Astronomical processes and changes occur slowly on a timescale of years, decades, and millennia. That was not the case at BYU’s fast-moving Astrofest, the annual Department of Physics and Astronomy event that brings elementary school children to the stars for an afternoon.
Durfee is the organizer of the BYU GALs (Girls and Light) Program—an annual event held on BYU campus that introduces girls to the physics behind light and electronics.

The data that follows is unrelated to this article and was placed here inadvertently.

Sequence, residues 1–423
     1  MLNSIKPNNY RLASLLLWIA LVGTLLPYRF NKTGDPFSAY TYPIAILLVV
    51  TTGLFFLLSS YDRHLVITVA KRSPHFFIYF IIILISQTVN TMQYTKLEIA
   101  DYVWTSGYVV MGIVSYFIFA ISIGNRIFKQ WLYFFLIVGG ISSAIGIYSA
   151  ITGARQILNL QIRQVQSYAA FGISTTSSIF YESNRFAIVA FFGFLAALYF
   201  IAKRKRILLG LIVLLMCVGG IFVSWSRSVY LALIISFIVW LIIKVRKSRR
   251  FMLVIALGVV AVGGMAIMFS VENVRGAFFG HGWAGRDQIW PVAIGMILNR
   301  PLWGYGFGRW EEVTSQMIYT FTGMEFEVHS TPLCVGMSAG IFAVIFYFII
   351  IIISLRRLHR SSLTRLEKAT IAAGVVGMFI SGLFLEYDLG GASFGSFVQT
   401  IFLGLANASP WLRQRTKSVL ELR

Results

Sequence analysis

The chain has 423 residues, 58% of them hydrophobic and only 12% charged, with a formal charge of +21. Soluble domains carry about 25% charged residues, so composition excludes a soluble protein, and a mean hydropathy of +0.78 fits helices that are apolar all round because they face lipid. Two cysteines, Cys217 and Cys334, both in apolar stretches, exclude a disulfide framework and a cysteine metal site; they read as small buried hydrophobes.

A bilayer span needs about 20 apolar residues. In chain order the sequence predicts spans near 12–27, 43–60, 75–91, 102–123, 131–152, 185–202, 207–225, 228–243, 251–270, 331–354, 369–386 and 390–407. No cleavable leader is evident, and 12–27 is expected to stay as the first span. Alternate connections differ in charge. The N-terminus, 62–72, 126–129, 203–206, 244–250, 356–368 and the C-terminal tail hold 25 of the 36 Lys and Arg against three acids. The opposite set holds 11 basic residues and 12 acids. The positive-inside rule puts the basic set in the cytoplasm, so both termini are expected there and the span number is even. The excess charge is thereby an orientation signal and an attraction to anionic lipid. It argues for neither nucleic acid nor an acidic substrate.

As a PhD student, Moody authored a dissertation exploring the idea that dwarf galaxies might be located in distant cosmic voids across the universe—an area of research that pushes scientists to explore the outer limits of the final frontier.
KELT-9b is an exoplanet, but its dayside temp beats most stars in our galaxy — and comes close to our sun’s 10,000 degrees. A paper announcing 9b’s discovery, published this week in top science journal Nature, highlights some of the extreme characteristics of both the planet and its host star, KELT-9.
Teaching has always had a huge impact on BYU physics professor Duane Merrell—an impact that has both affected his life and guided his career and passion for teaching physics.